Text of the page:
Safety of Study Abroad Programs
Safety is a prime concern of all who are involved in study abroad programs: participants, their families, advisers, institutions that send students abroad, those that host them and the staff of all organizations that operate programs. There are risks that are unique to the overseas settings; when those rare incidents occur, the impact on participants and their families is often more profound because of the unfamiliarity of the context and the distance that separates participants from their primary sources of consolation and support. Keep in contact with your family - just to provide reassurance.
Northwood University generally:
Cannot eliminate all risks from the study abroad environment.
Cannot monitor or control all of the daily personal decisions, choices, and activities of individual participants.
Cannot prevent participants from engaging in illegal, dangerous, or unwise activities.
Cannot assure that U.S. standards of due process apply in overseas legal proceedings or provide or pay for legal representation for participants.
In study abroad, as in other settings, participants can have a major impact on their own health and safety abroad through the decisions they make before and during the program and by their day-to-day choices and behaviors.
Whether traveling or living outside of the United States, there are ways you can prepare yourself for a potential crisis.
Enroll in the Smart Traveler Enrollment Program (STEP) to receive important safety and security messages and make it easier for us to locate and assist you in an emergency.
Keep the contact details for the nearest U.S. embassy or consulate with you. We are available for emergencies 24 hours a day, 7 days a week, overseas and in Washington, D.C. - (888) 407-4747 or (202) 501-4444.
See the Traveler’s Checklist for more information.
Your emergency kit should include your passport, cash in the local currency, a card with local translations of basic terms, and an electrical adapter.
If you take medication, make sure to have at least five days’ worth at any given time – if you can, we encourage enough for two weeks beyond your scheduled trip and have a copy of your prescriptions handy.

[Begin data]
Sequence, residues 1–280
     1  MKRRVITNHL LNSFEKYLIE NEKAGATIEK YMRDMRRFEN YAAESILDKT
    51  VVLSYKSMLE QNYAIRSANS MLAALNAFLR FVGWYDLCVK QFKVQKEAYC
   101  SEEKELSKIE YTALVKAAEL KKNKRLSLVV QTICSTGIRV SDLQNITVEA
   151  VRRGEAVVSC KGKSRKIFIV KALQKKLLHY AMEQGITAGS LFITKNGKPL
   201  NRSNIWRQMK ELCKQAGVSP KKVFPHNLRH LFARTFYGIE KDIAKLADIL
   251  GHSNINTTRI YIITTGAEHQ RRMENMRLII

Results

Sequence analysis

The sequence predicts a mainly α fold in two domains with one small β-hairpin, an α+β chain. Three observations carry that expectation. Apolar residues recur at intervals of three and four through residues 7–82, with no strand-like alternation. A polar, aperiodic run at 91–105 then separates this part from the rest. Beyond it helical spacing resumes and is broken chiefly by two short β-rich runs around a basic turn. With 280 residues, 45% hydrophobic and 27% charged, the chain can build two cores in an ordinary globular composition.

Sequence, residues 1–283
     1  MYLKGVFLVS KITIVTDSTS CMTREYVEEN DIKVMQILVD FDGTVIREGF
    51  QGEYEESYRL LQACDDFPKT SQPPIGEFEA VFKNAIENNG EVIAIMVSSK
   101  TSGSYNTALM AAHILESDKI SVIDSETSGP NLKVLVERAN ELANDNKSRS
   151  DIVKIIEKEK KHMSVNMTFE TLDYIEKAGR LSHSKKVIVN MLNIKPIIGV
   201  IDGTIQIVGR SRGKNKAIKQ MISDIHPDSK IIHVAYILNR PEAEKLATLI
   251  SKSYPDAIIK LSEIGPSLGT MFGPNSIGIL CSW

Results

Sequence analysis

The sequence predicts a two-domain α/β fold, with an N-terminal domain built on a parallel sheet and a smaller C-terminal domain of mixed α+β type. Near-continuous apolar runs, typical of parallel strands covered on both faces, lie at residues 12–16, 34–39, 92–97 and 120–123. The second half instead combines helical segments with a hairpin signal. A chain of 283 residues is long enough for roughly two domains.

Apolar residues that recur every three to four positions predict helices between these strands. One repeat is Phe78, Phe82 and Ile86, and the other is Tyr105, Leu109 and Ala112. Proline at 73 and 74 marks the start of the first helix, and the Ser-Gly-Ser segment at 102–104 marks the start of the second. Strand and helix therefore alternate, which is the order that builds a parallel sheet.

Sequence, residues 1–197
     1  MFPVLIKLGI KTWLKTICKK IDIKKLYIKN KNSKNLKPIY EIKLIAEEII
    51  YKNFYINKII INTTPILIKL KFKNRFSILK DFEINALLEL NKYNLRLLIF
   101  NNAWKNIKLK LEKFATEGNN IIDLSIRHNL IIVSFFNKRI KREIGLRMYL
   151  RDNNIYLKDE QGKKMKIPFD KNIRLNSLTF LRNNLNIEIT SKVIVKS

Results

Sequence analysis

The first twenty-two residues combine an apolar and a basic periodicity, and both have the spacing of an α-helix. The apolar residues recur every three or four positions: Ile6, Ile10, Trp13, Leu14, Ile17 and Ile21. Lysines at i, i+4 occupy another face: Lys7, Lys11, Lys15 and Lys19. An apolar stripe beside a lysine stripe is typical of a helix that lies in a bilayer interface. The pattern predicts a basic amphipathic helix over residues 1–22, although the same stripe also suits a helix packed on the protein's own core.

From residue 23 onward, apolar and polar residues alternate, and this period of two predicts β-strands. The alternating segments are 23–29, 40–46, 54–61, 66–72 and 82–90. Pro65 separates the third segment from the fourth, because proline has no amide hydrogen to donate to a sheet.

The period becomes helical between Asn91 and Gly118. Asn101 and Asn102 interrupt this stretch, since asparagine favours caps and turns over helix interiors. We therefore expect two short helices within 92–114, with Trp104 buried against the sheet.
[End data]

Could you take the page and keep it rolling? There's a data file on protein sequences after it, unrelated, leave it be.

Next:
If you use assistive or medical devices that require a power supply, be sure to find backup power or other ways that will sustain your device or equipment during a power outage.
Make sure you have health insurance whenever you are traveling abroad. For more information, see Insurance Providers for Overseas Coverage.
Make sure your passport is ready for use. Most countries require that it be valid for at least six months after the end of your trip and that it have two or more blank pages.
Keep a list of your emergency contacts handy and create a communication plan for reaching family and friends in the event of a crisis.
Phone lines are usually affected during a crisis. Think about other ways to communicate. For example, update your social media status often and send messages as regularly as possible to let friends and family know how you are doing.
Many of the U.S. embassies and consulates, along with the Bureau of Consular Affairs, use social media to provide information – connect with us!
For more information, see Ways to Contact Loved Ones in a Crisis Abroad.
Have an exit strategy! Know how you’ll get out of harm’s way without needing to rely on assistance – a crisis may prevent or delay emergency responders’ ability to get to you and there will be many people needing help.
Be sure you know more than one way to get towards safety – the crisis event may make some roads unpassable or unsafe.
Follow instructions from local authorities about security and evacuation. Doing so could save your life.
Monitor local radio, television, and other sources for updates. Situations can change quickly, limiting the time you have to get out.
If you are staying in a hotel, talk to the staff to be sure you know the hotel’s emergency plan for a variety of crisis events – fire, flood, electrical outage, storms, etc.
Keep in touch with your tour operators, hotel staff, airline, and local officials for evacuation instructions.
Contact the nearest U.S. embassy or consulate if you need emergency help. Please keep in mind that this will not alert emergency responders – if you need emergency medical attention or police assistance, contact the local authorities directly if you can.
Non-emergency calls may be made to the International Programs office at (989) 837-4327 during normal working hours, 8:30 a.m. - 5:00 p.m. (Eastern Time). For emergencies that occur after hours, the student should contact Northwood’s Campus Security at (989) 837-4373. This number is active 7 days a week, 24 hours a day. The security personal will then inform the appropriate personal. This number should only be used in cases of emergencies.